A group of YouTube video-makers is suing it and parent company Google, claiming both discriminate against LGBT-themed videos and their creators.
The group claims YouTube restricts advertising on LGBT videos and limits their reach and discoverability.
But YouTube said sexual orientation and gender identity played no role in deciding whether videos could earn ad revenue or appear in search results.
A judge will now decide whether a jury will hear the case in California.
The legal action makes a wide range of claims, including that YouTube:
- removes advertising from videos featuring “trigger words” such as “gay” or “lesbian”
- often labels LGBT-themed videos as “sensitive” or “mature” and restricts them from appearing in search results or recommendations
- does not do enough to filter harassment and hate speech in the comments section
It was filed by a group of video-makers from the US, including:
- singer Bria Kam and actor Chrissy Chambers, who run a joint YouTube channel with more than 850,000 subscribers
- Amp Somers, who produces sex education videos
- Chase Ross, who documents his experiences as a transgender man
- Lindsay Amer, who produces LGBT-themed educational videos
The legal action also claims Google refused to let the creators of a show called GNews! advertise their programme, because it contained “shocking” content.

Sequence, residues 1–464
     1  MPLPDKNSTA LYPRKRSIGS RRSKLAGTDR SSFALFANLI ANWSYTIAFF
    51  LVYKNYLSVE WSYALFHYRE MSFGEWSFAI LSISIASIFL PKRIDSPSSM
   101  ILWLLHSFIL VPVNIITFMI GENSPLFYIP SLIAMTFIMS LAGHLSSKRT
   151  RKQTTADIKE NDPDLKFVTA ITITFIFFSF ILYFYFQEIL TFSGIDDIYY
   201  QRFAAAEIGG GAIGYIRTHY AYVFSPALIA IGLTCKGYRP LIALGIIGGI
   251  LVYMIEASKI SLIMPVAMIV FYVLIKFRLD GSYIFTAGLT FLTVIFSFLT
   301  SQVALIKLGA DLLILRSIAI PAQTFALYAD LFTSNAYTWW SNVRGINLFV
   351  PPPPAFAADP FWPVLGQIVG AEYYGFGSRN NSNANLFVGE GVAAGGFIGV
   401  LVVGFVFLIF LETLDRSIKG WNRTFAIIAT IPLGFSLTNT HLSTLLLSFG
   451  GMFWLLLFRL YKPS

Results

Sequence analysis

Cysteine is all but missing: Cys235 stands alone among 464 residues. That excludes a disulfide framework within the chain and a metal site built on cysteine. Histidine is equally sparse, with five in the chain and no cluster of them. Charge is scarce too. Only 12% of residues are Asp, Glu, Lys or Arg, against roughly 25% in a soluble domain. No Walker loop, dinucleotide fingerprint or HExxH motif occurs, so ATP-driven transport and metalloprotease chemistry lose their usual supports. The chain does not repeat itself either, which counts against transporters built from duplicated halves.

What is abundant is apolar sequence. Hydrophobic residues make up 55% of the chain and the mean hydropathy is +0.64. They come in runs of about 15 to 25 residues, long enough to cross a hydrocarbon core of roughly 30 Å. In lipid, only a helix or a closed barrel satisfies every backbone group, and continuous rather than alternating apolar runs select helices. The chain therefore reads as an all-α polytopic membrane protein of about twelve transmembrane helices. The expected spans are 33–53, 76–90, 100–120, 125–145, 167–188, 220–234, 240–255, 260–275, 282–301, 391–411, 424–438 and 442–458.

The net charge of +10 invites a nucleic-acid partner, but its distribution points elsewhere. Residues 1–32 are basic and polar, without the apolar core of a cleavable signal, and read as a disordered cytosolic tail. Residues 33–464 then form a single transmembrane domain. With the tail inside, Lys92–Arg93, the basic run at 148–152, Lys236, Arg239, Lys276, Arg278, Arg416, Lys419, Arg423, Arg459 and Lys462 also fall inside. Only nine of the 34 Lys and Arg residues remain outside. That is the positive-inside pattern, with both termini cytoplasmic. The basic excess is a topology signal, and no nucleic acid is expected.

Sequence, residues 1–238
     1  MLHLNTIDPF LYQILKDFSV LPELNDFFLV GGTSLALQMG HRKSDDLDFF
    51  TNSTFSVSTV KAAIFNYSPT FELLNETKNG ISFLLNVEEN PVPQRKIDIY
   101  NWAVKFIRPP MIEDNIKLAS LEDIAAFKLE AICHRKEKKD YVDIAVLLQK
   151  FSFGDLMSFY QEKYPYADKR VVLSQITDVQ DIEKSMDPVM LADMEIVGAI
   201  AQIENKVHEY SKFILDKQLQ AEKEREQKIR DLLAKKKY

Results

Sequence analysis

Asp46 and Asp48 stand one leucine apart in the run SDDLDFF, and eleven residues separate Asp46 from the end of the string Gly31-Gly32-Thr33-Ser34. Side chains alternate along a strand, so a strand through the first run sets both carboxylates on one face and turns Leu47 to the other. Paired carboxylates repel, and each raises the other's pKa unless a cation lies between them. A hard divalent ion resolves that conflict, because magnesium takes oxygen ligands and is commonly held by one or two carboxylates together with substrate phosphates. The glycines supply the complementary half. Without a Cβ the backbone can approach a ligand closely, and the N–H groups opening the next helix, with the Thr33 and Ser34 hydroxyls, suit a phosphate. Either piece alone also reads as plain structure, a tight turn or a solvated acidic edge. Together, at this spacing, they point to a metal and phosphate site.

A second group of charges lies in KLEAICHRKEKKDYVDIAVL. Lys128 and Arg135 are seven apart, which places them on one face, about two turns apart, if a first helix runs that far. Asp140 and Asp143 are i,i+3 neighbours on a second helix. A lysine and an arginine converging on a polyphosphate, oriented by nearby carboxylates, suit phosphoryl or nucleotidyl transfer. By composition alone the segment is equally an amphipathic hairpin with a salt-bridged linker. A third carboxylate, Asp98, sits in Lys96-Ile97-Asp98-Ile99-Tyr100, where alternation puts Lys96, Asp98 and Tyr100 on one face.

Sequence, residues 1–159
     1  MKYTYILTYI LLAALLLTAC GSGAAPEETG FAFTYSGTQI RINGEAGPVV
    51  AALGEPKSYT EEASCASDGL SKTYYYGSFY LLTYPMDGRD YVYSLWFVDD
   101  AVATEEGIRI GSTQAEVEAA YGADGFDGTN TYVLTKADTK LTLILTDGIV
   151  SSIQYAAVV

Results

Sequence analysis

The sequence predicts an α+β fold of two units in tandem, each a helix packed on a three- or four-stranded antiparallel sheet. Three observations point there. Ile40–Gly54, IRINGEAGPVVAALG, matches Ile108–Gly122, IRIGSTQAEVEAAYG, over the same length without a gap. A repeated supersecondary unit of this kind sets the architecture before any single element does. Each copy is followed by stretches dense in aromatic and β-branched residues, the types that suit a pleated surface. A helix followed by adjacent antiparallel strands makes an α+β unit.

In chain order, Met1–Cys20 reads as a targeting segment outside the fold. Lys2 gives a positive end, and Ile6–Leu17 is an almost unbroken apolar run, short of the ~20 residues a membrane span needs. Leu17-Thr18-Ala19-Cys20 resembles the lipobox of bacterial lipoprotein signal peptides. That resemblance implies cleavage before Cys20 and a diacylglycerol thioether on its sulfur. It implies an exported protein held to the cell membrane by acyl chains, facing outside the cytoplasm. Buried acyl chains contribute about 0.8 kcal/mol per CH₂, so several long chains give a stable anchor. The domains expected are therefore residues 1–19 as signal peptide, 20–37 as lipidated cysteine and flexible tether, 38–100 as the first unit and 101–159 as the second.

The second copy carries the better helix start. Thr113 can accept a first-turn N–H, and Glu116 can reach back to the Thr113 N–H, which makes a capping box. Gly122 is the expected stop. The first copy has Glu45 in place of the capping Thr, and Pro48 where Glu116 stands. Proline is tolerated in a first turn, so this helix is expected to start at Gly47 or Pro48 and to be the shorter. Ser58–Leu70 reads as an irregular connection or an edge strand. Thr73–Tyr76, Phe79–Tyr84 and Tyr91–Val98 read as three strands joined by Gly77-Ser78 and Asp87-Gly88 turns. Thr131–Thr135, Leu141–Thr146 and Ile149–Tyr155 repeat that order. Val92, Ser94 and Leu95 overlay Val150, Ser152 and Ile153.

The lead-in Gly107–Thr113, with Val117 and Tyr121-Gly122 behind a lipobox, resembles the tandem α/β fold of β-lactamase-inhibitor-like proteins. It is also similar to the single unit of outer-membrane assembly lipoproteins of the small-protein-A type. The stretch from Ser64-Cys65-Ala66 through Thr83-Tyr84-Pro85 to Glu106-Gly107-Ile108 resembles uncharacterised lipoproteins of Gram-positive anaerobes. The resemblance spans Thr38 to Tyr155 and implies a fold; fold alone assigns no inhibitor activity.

In a phone call heard by BBC News, one Google ad representative told the programme’s producers that “sexuality content about the gays” broke its advertising rules.
YouTube said it did not discriminate against LGBT video-makers.
“Our policies have no notion of sexual orientation or gender identity and our systems do not restrict or demonetise videos based on these factors or the inclusion of terms like ‘gay’ or ‘transgender’,” spokesman Alex Joseph said.
“In addition, we have strong policies prohibiting hate speech and we quickly remove content that violates our policies and terminate accounts that do so repeatedly.”
YouTube said it had removed 220 million comments in the first three months of 2019, 99% of which had been detected automatically.
And it had removed more than 3,000 channels for publishing hate speech.
YouTube’s advertiser-friendly content guidelines do not prohibit the discussion of LGBT themes.
However, videos discussing sexual experiences, sex toys and devices, and fetishes are not allowed to carry ads.
The company accepted its automated systems did make mistakes when deciding whether to exclude a video from advertising but said video-makers could appeal against automated decisions.
In the past, YouTube has not always explained exactly why specific videos have been excluded from advertising or flagged as “unsuitable for all audiences”.
The lack of specific information has frustrated video-makers from all walks of life. The phenomenon was even given a nickname: the ad-pocalypse.
YouTube says it does not discriminate against LGBT themes, and it is easy to find popular LGBT channels on YouTube that do carry advertisements.
However, YouTube’s ad-placement and content moderation decisions are mostly made by algorithms, which can struggle with the intricacies and nuance of human life.
YouTube does not place ads on videos about sex toys, as per its policies. But can its algorithms tell the difference between a “marital aid” and a prosthetic penis designed for a transgender man?
How accurately can its machines distinguish between sexual content and sexuality content?
If the group gets its case in front of a jury, YouTube may be under pressure to provide more clarity about how its algorithms work.